March 29, 2017

Schumer, Gillibrand Announce $980,000 in U.S. Dept. of Agriculture Funding for Cornell University

Schumer & Gillibrand urged the creation of NIFA Specialty Crop Research Initiative in 2014 Farm Bill

Ithaca, NY – U.S. Senators Charles E. Schumer and Kirsten Gillibrand today announced $980,000 in new federal funding for Cornell University. The funding was allocated through the U.S. Department of Agriculture’s (USDA) National Institute of Food and Agriculture (NIFA). NIFA grants support research and programs that help specialty crop growers achieve long-term viability, high yield, and labor efficient production of locally grown grains, fruits, and vegetables. Cornell University will use the funding to advance research in the genetics and seed composition of oats; developing and evaluating new methods for North American breeders to use in the milling industry.

“Cornell has once again proven itself to be a national leader when it comes to agricultural research,” said Senator Schumer. “This funding will allow Cornell to contribute critical research on improving the methods our nation uses to grow and mill important grains like oats. In addition, Cornell’s ground breaking genetic research will help New York farmers build on Upstate New York’s long standing agricultural tradition. I am committed to securing resources like this grant that support Universities like Cornell while also helping our nations agricultural industry.”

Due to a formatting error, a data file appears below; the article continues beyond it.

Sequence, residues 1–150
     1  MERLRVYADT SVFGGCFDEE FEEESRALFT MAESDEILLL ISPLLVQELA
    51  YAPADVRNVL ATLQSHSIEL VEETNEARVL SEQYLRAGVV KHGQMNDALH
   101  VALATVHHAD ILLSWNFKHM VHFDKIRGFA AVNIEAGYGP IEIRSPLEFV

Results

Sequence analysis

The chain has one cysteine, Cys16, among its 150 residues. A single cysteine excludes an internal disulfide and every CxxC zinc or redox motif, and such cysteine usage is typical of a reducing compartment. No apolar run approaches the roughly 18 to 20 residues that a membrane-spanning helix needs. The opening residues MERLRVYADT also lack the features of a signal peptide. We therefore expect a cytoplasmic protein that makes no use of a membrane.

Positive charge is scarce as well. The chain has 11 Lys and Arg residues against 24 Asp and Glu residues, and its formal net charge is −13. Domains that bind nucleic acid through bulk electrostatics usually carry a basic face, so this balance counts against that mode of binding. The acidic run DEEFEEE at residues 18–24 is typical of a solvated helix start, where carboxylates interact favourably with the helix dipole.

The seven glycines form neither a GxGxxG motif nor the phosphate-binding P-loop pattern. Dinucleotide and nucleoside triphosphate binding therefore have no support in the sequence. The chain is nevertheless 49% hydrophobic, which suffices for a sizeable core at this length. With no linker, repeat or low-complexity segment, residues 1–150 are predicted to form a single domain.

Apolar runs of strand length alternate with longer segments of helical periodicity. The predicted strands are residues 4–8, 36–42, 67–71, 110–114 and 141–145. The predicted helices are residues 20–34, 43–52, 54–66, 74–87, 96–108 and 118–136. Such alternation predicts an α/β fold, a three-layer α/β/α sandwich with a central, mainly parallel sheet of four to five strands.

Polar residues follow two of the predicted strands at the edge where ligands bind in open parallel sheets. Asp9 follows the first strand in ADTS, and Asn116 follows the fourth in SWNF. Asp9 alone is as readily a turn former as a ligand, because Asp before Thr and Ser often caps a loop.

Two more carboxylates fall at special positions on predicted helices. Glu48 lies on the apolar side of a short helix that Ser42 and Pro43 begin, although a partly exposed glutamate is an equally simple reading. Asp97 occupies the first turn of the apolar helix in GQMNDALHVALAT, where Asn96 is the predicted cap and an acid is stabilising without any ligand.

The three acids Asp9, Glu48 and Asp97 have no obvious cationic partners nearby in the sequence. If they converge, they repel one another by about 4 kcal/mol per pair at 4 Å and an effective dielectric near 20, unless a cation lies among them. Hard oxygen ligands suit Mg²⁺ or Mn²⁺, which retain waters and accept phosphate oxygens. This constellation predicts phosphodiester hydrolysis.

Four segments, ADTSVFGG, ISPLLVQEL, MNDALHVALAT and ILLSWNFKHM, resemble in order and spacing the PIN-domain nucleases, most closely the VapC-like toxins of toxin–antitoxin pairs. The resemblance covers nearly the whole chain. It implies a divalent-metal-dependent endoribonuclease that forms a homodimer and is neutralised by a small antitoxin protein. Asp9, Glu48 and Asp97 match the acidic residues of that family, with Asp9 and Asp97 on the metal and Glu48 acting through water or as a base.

“Cornell University is one of the most innovative institutions in the country and an ideal place for this significant federal investment, which will give Cornell the tools to continue its groundbreaking advanced research to strengthen the nation’s food and agricultural industries.” said Senator Gillibrand, a member of the U.S. Senate Agriculture Committee. “I will continue to support more federal funding for scientific research at our colleges and universities, so that more young people can be inspired to do research, test their ideas, and help make our communities better places to live.”

“Plant breeding involves far more than simply ensuring that crops grow better,” said Kathryn J. Boor, the Ronald P. Lynch Dean of Cornell University's College of Agriculture and Life Sciences. “Our research aims to optimize the healthful components of the foods that families rely on every day. Oats play a crucial role in human nutrition, and this grant furthers our mission to improve health through innovative science.”

The USDA NIFA program aims to strengthen local food systems and support farmers growing fruits, vegetables, and nursery crops through research, agricultural extension activities, and initiatives to increase demand and address the needs of America's specialty crop industry.